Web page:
The Truth About Intramuscular Banamine

Image0016As the nights grow colder and the weather begins to change, we all are keeping a close eye on our horses for signs of colic. Many of us keep Banamine, a non-steroidal anti-inflammatory, stocked in our first aid kits and it is a drug we often reach for in emergency situations. After talking to your veterinarian you may be instructed to give Banamine – but how and where? Banamine comes in two forms – paste and injectable (liquid form). Paste can only be given by mouth, but injectable can be given multiple ways. If you have injectable Banamine you may be tempted to give it in the muscle. But before you give banamine in your horse’s muscle anymore – there’s something you should know.

If you read the label of the Banamine bottle, you will notice it lists intramuscular (IM) injection as a form of administration. Although uncommon, IM injection of banamine can lead to a life-threatening disease called clostridial myonecrosis. Clostridium is a genus of bacterium that sometimes is present on a horse’s skin or hair. This type of bacteria is anaerobic, which means that it grows best without oxygen. Banamine is known to be irritating to muscle, and if the bacteria seeds into the muscle with a Banamine injection, it is implanted into a plane of irritated tissue with little contact with oxygen – the perfect place for clostridial growth. Within a few days of injection, the injection takes over and the surrounding muscles become inflamed and then die (myo = muscle, necrosis = cell death). Hence, clostridial myonecrosis.

Clostridial myonecrosis is a very serious disease – an infected horse has only a 50% chance of survival with intensive care. The first signs of infection occur within a few days of injection and are often swelling, pain and heat around the injection site. The bacteria produces gas, so pressing on the swelling can feel crunchy with pressure. Simultaneously, the horse will become lethargic and may have a fever and reduced appetite from systemic release of bacterial toxins. These horses are critically ill and require emergency treatment by your veterinarian, including opening up of the injection site for drainage and oxygen exposure, antibiotic treatment and supportive care with IV fluids and anti-inflammatories. Another secondary risk is laminitis, and preventative care with ice boots and careful monitoring are also important.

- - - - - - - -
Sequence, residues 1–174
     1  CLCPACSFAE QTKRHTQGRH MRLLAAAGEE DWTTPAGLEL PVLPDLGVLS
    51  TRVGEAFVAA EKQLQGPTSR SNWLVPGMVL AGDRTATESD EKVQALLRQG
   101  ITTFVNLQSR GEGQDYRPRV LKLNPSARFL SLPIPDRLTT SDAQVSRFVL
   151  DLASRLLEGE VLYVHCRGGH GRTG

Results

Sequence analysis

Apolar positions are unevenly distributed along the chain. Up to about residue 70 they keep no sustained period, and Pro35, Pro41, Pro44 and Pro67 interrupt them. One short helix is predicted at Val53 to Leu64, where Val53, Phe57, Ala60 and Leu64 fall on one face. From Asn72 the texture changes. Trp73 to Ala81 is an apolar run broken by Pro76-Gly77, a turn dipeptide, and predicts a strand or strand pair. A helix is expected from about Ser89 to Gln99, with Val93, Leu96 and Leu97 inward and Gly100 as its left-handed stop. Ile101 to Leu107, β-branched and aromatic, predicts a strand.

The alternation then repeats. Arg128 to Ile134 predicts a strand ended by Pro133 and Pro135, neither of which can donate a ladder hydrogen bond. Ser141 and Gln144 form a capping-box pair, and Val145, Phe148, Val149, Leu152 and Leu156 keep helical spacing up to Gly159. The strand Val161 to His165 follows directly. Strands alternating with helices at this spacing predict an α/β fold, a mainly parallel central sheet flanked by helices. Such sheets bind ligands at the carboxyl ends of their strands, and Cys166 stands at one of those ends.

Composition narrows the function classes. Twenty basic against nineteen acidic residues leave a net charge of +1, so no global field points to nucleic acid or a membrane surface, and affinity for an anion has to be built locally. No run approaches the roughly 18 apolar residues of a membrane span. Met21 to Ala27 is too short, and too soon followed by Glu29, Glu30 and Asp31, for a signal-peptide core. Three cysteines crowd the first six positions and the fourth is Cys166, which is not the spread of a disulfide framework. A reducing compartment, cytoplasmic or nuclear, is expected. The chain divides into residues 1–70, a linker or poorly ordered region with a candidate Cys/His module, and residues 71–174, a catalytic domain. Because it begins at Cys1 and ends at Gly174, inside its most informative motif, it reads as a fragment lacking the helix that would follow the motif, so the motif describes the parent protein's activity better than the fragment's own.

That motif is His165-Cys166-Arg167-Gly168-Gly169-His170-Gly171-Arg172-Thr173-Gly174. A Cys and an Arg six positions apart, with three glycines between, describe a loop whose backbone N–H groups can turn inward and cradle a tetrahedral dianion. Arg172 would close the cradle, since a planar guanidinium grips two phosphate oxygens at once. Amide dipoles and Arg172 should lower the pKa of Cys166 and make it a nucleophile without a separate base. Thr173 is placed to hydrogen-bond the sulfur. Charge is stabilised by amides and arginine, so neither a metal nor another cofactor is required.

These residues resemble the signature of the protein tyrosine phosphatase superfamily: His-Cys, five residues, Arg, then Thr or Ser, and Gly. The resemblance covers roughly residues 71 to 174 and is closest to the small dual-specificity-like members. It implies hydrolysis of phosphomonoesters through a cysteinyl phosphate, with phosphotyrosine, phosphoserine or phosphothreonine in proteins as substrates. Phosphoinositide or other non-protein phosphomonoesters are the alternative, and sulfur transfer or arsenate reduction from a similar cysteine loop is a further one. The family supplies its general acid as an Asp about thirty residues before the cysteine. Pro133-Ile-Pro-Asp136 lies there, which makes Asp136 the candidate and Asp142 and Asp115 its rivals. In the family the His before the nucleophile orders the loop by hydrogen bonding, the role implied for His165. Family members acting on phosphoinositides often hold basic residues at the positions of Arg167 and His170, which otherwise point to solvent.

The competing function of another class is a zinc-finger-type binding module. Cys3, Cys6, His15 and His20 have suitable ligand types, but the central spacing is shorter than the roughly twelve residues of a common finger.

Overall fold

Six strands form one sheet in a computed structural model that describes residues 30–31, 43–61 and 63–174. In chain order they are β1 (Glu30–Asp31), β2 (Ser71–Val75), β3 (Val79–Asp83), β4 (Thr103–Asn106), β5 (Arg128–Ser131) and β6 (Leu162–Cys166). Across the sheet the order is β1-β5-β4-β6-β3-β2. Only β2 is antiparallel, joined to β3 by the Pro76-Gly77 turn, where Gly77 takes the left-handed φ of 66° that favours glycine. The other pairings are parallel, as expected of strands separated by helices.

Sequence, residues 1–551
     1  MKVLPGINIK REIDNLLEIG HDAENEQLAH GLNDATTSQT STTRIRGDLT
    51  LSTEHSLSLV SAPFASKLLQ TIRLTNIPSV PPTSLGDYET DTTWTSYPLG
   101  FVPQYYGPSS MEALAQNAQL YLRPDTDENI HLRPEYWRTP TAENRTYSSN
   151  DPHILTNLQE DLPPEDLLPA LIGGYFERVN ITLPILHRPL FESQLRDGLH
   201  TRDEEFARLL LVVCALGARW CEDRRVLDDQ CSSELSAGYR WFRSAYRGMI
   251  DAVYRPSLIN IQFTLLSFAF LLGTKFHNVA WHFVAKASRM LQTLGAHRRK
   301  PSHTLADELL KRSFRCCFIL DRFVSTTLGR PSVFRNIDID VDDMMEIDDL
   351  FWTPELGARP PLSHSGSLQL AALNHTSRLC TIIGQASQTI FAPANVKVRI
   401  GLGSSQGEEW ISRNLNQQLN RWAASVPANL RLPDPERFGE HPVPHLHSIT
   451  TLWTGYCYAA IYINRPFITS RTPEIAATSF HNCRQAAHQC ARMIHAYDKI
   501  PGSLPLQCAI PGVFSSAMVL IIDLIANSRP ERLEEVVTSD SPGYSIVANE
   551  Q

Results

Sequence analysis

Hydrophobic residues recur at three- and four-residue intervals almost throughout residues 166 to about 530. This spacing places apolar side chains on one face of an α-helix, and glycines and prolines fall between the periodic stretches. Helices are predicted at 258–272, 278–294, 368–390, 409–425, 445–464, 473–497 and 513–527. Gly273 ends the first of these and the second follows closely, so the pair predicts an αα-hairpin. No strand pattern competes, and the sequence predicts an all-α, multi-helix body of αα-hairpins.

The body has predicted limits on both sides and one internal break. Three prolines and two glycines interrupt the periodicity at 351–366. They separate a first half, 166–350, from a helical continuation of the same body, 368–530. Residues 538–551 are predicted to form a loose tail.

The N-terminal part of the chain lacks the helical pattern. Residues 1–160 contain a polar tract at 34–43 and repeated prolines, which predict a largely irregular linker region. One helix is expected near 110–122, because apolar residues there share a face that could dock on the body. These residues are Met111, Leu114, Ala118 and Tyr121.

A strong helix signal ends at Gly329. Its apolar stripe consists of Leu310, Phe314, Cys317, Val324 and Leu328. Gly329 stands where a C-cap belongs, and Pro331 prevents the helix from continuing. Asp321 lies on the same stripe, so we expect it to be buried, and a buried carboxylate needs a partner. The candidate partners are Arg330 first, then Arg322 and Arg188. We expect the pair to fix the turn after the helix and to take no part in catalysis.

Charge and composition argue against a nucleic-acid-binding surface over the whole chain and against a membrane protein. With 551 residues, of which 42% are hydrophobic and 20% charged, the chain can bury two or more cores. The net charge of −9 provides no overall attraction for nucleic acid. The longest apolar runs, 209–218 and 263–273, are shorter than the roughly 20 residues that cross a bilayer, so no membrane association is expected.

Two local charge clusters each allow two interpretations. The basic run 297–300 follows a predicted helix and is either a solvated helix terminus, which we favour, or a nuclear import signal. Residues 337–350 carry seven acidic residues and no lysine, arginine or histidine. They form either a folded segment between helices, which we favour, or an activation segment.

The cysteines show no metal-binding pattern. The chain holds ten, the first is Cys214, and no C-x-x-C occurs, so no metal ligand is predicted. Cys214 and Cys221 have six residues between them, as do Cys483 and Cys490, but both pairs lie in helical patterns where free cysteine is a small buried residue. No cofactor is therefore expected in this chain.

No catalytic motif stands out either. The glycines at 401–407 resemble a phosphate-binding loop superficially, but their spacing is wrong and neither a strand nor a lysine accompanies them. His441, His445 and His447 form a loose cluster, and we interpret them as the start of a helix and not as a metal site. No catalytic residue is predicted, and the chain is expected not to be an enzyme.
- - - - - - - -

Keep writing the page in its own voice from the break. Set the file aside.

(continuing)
So – you have injectable Banamine and you’re not comfortable giving it in the vein, so what else can you do? Liquid Banamine can safely be given by mouth. Simply draw up the same amount you would inject, remove the needle, and give by mouth the way you would a dewormer. Again, WE DO NOT RECOMMEND IM INJECTION OF BANAMINE. Keeping your horse comfortable and healthy both short term and in the long run is important to us all, and by simply giving banamine by mouth you eliminate the risk of this deadly disease. And as always, please call your veterinarian before administering any medications that were not already prescribed to ensure the correct amount and route of delivery!